Back in 2015, Google started talking about psychological safety. It was the common thread between their highest performing teams. When you hear that, you can’t help but get sucked into a vortex of trying to figure out how to foster psychological safety and measure it in your team.
I was recently talking about psychological safety with another Stryver. We already do pretty well with it on our team, but we both wished it could be better. He mentioned that his soon-to-be wife was really into the way it is described in Radical Candor, a book by Kim Scott. The next day (thanks, Amazon Prime) it was in my hands and I was hooked.
Radical candor supports psychological safety
The key tenets of radical candor are the same as psychological safety. They both stress the importance of getting to the best answer or solution, without leaving a pile of pissed off people in your wake. While I was always super on board with this, I felt like I had run out of tips for actually implementing this in my everyday interactions. But after reading the book, Radical Candor has given me tons of new ways to approach tough situations.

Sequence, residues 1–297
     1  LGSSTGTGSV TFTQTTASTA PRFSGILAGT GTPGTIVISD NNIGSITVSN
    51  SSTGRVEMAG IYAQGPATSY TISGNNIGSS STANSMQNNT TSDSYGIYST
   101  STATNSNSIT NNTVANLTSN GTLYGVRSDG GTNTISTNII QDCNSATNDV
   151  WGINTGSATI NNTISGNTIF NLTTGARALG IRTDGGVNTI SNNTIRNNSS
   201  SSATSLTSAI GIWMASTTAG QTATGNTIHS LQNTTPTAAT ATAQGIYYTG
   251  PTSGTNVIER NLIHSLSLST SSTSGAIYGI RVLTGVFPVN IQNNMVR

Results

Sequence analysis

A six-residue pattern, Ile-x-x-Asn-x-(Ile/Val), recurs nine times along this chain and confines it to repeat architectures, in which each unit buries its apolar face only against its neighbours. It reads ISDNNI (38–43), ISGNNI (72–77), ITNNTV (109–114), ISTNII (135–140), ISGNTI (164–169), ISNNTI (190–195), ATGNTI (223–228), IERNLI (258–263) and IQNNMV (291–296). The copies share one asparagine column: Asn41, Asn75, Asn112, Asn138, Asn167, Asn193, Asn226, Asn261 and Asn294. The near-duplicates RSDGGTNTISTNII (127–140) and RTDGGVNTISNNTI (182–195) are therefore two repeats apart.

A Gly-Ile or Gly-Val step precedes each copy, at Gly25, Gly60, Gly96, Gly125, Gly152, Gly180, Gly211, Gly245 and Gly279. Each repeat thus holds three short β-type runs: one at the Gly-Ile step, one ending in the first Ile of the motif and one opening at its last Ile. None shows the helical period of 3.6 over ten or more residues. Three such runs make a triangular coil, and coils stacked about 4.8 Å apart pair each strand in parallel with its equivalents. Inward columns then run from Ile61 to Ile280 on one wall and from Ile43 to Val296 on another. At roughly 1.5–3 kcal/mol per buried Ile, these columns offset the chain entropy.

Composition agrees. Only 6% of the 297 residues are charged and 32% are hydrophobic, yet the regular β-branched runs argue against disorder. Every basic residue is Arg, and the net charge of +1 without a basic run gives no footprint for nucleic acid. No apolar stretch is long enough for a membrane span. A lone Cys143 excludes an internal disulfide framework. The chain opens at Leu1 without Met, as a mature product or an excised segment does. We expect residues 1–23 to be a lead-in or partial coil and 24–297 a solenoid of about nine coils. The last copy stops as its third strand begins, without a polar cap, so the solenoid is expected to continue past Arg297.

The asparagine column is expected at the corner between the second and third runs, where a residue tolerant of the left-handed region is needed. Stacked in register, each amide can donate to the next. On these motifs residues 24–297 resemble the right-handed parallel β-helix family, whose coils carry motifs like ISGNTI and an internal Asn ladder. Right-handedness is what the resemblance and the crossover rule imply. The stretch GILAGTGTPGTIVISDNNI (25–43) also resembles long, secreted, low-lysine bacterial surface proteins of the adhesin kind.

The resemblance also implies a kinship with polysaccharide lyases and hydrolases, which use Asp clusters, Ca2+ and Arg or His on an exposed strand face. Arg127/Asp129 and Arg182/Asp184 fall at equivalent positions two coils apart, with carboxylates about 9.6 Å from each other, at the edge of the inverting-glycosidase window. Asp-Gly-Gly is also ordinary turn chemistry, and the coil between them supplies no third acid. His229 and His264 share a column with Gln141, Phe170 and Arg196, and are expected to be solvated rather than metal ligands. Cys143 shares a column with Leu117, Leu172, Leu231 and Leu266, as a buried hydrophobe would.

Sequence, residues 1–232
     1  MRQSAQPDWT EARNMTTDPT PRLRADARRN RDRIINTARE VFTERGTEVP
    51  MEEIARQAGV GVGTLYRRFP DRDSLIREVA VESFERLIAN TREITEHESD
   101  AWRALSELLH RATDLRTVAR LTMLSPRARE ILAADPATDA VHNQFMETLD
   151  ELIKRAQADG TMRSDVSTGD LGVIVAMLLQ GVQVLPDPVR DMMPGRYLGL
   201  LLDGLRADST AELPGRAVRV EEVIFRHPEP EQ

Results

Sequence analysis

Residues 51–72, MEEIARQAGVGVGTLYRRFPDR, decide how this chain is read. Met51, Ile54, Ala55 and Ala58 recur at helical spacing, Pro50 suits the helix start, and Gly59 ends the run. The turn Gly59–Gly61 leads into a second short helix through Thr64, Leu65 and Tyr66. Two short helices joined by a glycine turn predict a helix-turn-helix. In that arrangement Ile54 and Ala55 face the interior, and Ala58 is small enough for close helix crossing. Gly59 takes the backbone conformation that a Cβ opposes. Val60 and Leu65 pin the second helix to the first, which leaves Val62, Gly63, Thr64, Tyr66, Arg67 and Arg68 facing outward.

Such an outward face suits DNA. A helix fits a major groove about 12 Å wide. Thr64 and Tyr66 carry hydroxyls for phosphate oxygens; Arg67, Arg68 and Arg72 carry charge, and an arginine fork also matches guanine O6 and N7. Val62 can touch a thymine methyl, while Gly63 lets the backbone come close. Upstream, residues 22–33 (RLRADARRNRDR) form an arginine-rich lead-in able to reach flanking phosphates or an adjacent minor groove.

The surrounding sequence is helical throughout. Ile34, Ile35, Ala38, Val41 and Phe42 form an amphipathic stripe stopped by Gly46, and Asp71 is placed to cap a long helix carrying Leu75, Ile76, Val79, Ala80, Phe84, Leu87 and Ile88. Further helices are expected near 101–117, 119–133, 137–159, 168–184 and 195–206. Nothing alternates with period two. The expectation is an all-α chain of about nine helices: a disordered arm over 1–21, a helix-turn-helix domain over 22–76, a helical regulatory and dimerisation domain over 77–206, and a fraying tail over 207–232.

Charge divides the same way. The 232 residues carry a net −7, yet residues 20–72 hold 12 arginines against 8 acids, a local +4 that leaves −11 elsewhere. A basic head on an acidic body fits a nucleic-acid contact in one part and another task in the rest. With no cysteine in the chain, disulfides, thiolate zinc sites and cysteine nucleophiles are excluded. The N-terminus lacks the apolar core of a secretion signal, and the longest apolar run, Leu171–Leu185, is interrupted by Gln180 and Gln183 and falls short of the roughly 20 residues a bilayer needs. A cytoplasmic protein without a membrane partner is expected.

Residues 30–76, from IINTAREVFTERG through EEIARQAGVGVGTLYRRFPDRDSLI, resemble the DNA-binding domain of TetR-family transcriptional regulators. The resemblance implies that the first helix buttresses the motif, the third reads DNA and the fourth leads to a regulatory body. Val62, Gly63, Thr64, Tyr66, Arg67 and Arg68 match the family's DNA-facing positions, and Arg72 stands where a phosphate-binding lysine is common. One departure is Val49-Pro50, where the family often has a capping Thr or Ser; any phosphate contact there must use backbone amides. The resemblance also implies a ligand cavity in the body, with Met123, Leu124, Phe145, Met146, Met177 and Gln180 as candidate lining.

This deck covers the principles of the book’s framework and provides some tips for implementing radical candor in how you give both praise and critiques.
Yes, there is another framework and a beautiful matrix for business nerds to love, but there is so much more to the book. My favourite part is how Kim spins through the nuances of work situations with an endless amount of examples. They often focus on what not to do, which I found tremendously helpful in illustrating the fine line between different interactions.
If you’re working on psychological safety with your team, I highly recommend reading the full book. But if time is in a crunch (when is it not?) feel free to take the deck and start some clear and sincere discussions with your team!